Bronia and Tylia Perlmutter (1922)
On my shelves are a fair amount of books about the Lost Generation and one that I return to again and again is Billy Klüver and Julie Martin’s Kiki’s Paris. It’s filled with loads of stories and wonderful images that I can spend hours poring over.
This photo of Bronia and Tylia Perlmutter is one of my favourites in the book. Bronia, the younger sister, demurely averts her eyes while elder sister Tylia stares almost insolently at the camera, holding a boudoir doll in her hand. It is the seemingly shy Bronia who draws our attention. What thoughts are going on behind those downcast eyes?
There is not a lot of information about Bronia but I discovered that the sisters were Polish Jews raised in the Netherlands who came to Paris in 1922 when Tylia was 18 and Bronia 16. They both found work modelling for various artists in Montparnasse. Bronia was particularly popular with Nils Dardel, Foujita, and Moïse Kisling (she would often act as hostess for Kisling at luncheons he hosted). She also modelled clothes for designers Paul Poiret and Nicole Grolt that she would wear out at night.
"Young Girl Depicting Bronia Perlmutter" Nils Dardel (1925)
Bronia and Tylia made appearances in the works of Lost Generation writers as well. Djuna Barnes and Robert McAlmon wrote about them, as did Ernest Hemingway in A Moveable Feast where they are referred to simply as the two models. Hemingway describes Bronia as “beautifully built with a falsely fragile depravity.”
It's not surprising that artists wanted to capture her beauty. Bronia was lovely in an ethereal way with dark hair and large, blue-grey eyes. She liked to dance and one evening in 1923 at Le Boeuf sur le Toit she met the young writer Raymond Radiguet who danced with her and soon declared that he planned to marry her. A jealous Jean Cocteau became angry and, according to Bronia, threatened to have Bronia and her sister deported. The young couple hid out at the Hôtel Foyot to avoid Cocteau. But Radiguet became ill and died from typhoid fever that year at the age of 20.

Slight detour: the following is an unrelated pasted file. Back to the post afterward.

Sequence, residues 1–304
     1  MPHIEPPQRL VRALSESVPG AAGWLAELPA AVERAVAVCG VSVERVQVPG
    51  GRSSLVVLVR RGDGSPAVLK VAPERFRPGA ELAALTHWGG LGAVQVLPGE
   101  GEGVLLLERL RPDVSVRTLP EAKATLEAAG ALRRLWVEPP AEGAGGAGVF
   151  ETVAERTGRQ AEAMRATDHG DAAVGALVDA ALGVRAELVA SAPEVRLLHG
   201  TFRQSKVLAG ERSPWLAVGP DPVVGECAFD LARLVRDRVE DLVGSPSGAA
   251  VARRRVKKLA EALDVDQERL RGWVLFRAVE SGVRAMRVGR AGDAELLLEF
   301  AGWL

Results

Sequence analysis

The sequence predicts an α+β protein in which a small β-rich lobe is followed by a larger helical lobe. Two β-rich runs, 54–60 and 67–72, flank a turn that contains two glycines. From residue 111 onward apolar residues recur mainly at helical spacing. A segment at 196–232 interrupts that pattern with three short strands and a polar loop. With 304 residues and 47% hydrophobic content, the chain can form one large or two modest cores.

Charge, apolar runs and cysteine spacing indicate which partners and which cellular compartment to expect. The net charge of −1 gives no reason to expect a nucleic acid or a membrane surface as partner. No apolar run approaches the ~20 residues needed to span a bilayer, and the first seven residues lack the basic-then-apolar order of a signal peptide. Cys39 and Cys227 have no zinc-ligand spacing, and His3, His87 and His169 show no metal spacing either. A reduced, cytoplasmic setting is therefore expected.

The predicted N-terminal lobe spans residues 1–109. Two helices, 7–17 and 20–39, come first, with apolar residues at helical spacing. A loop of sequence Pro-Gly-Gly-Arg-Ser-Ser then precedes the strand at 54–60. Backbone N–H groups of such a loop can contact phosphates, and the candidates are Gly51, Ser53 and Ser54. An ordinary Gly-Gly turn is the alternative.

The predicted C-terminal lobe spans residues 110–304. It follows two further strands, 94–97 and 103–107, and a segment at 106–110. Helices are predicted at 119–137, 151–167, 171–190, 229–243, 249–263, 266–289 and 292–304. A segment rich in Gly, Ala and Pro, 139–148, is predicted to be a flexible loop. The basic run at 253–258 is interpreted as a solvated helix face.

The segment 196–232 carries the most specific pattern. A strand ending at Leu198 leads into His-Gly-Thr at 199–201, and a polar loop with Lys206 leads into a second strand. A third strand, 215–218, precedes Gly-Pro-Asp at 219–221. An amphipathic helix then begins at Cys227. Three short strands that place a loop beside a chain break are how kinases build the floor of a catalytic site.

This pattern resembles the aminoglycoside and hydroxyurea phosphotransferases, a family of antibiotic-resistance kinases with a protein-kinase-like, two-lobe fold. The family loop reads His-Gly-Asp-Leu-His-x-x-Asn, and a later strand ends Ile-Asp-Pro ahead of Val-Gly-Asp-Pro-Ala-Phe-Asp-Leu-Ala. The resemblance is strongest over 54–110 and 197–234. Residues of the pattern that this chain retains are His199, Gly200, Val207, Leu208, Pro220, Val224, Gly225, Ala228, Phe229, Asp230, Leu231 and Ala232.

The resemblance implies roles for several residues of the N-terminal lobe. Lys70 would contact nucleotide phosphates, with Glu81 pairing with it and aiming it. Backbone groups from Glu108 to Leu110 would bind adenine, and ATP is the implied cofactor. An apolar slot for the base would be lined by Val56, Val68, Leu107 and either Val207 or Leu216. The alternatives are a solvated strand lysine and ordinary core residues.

In addition to modelling, Bronia also did a little acting. For Galerie des Monstres (1924) director Jacque Catelain gathered Montparnasse locals to star in the film; Bronia appears as a dancing doll and Tylia as a juggler. The film also has appearances by Kiki and a young Lois Moran.
Bronia Perlmutter. Photo: Berenice Abbott.
In December of 1924 Bronia and Tylia were invited by Francis Picabia to attend a performance of the Dadaist ballet Relâche, which included a screening of a short film, Entr'acte, at intermission. Bronia was introduced to the film’s director, René Clair, after the show. Later that same month Picabia asked Bronia to participate in a production, Ciné Sketch, that he and Clair were putting on after the ballet on New Year’s Eve. Bronia agreed, and she and Marcel Duchamp appeared nude—Duchamp did have a strategically placed fig leaf—in a living tabloid of Lucas Cranach’s Adam and Eve, which Man Ray photographed.
A bit part in Clair’s film Le Voyage Imaginaire (1926) followed. The two fell in love and were married in 1926. They had one son, Jean-François, who was born in 1927. Bronia gave up modelling to devote herself to Clair, and they would remain married until Clair’s death in 1981.
I wondered what had become of Bronia. Then one day I was watching the Criterion Collection release of Clair’s À Nous la Liberté (1931) and there on the DVD extras was an interview from 1998 with an elderly Bronia who spoke about her early life and her husband. She was now a grand old Parisian lady but when she turned her head a certain way or flashed those mysterious eyes you could see the young girl in the photo from all those years ago.